Your best bet is a simple relay and toggle switch, then you are independent of any pressure system and can switch when you want - like adding on the house batts for an emergency start with weak start batts.

Keep it simple!

Even simpler is a battery disconnect switch on each batt, but that means you have to go outside to make the switch. There should be a disconnect on each batt anyway for emergencies - been there -  stuck start solenoid!!
« Last Edit: December 14, 2013, 02:08:28 PM by gus » Logged

PD4107-152
PD4104-1274
Ash Flat, AR
Skykingrob
Full Member
***
Offline Offline

Posts: 234




Ignore
« Reply #7 on: December 14, 2013, 03:21:33 PM »

Thanks for the ideas guys, keep them coming. I wondered about the demand on the alternator when the oil pressure reaches the cut in pressure and as Brian says, that may be a failure point. That is why I was using some kind of pressure switch, to keep the alternator from going from doing nothing to full work load in short order charging both the start and house battery systems. Likewise, I thought the air pressure switch could cause an undesired effect in that while there is air pressure, the systems, house and start batteries that is, would stay connected even though the coach is not running which could lead to the start batteries draining.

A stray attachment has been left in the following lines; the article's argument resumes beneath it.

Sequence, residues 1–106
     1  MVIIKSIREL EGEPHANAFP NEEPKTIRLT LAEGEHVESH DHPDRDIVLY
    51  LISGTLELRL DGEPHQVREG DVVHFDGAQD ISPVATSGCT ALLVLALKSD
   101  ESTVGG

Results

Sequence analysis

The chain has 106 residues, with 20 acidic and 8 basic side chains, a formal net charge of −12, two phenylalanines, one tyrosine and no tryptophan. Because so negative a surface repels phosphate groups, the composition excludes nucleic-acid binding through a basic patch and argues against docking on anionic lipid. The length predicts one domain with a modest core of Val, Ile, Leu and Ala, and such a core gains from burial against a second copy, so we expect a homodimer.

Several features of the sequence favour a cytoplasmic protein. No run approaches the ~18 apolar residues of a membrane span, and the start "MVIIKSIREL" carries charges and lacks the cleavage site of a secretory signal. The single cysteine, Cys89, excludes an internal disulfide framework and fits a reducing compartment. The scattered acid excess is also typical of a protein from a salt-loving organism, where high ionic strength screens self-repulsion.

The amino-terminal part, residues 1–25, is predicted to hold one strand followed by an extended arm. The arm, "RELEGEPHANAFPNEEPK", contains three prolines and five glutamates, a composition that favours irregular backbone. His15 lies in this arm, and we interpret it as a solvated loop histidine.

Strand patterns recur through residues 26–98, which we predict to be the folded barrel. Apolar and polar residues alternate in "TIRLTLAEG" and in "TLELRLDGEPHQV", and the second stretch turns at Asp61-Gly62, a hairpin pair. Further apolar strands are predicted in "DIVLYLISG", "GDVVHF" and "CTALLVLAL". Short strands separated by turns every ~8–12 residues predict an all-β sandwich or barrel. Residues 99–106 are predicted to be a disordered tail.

I like the idea of a high current relay like those Clifford mentions from TI and the toggle switch Gus mentions is certainly simple but the same problem exists in that if I forget to shut off the toggle switch, the two systems are connected resulting in the start batteries possibly draining down. However, that is only true if there is not a diode in my battery isolator system which like Don says, is how his is set up. I will check to see if there is a diode in my battery isolator but in the meantime, Don, how is yours set up and what brand battery isolator do you have?

Rob
91 XL 40
Missouri
Logged
Cary and Don
Hero Member
*****
Offline Offline

Posts: 674




Ignore
« Reply #8 on: December 14, 2013, 05:20:40 PM »

We have a toggle switch that operates a relay that will let our house batteries charge while running.  It is energized by a circuit that is hot only when the run switch is on.  Turn off the engine and the circuit is off.  This is in addition to a jump start circuit that runs on a momentary switch.

Don and Cary

Logged

1973 05 Eagle
Neoplan AN340
Lin
Hero Member
*****
Offline Offline

Posts: 4604

1965 MC-5a




Ignore
« Reply #9 on: December 14, 2013, 05:40:25 PM »

Just to chime in.  I agree with Gus, Don and Cary and others that use/suggest a dash toggle energized through the master switch for this job.  Sometimes automatic is better but since one can conceive of situations when you would want control here, it is better to have a manual switch.